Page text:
Lightweight, ultrathin, and flexible electromagnetic interference (EMI) shielding materials are needed to protect electronic circuits and portable telecommunication devices and to eliminate cross-talk between devices and device components. Here, we show that a two-dimensional (2D) transition metal carbonitride, Ti3CNTxMXene, with a moderate electrical conductivity, provides a higher shielding effectiveness compared with more conductive Ti3C2Tx or metal foils of the same thickness. This exceptional shielding performance of Ti3CNTxwas achieved by thermal annealing and is attributed to an anomalously high absorption of electromagnetic waves in its layered, metamaterial-like structure. These results provide guidance for designing advanced EMI shielding materials but also highlight the need for exploring fundamental mechanisms behind interaction of electromagnetic waves with 2D materials.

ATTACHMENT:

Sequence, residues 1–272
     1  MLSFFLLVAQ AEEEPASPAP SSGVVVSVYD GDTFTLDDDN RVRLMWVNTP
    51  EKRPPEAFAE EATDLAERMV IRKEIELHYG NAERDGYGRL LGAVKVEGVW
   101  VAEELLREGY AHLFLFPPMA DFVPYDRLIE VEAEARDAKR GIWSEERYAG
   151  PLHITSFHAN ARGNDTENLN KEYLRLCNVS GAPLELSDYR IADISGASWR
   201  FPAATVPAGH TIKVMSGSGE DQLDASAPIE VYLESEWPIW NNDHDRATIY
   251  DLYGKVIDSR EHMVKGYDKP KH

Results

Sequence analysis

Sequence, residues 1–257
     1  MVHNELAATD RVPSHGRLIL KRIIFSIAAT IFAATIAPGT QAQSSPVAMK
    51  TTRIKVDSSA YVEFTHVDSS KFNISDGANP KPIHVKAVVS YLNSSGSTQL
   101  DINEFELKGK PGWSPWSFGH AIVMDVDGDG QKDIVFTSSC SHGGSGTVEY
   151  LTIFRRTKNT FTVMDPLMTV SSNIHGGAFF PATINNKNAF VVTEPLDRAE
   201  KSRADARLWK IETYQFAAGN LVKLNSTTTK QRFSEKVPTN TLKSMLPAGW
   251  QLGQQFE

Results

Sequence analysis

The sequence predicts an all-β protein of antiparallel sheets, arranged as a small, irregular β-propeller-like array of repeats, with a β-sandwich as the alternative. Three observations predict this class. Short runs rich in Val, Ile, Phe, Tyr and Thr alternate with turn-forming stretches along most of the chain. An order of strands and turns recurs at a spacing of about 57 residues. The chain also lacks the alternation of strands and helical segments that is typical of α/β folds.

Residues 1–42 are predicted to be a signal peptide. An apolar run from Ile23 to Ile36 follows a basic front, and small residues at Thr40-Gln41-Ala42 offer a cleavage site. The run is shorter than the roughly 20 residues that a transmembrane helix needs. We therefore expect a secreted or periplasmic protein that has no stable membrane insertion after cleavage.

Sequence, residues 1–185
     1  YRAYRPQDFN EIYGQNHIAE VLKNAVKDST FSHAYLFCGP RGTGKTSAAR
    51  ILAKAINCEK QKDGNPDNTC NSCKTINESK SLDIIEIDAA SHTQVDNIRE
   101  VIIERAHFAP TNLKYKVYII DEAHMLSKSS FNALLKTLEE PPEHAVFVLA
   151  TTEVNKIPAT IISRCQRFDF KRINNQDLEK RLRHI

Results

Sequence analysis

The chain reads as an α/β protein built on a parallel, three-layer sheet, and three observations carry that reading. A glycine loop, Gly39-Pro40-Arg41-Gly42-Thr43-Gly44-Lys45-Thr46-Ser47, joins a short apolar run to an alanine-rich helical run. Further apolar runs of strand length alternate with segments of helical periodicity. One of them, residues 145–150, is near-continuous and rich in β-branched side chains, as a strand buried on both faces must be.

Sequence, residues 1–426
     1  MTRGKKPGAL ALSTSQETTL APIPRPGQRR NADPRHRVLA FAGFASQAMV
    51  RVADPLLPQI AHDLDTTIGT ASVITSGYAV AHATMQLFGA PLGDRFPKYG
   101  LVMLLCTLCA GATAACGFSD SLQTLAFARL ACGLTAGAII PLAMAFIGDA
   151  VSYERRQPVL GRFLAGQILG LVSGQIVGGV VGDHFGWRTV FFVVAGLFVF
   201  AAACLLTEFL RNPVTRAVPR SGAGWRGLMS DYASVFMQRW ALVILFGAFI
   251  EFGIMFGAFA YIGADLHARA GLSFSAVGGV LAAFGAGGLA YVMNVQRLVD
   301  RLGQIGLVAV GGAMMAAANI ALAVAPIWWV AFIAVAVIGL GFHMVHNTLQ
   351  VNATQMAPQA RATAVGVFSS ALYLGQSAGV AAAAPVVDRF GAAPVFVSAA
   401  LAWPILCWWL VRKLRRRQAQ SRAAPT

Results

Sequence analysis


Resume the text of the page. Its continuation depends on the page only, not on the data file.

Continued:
ASJC Scopus subject areas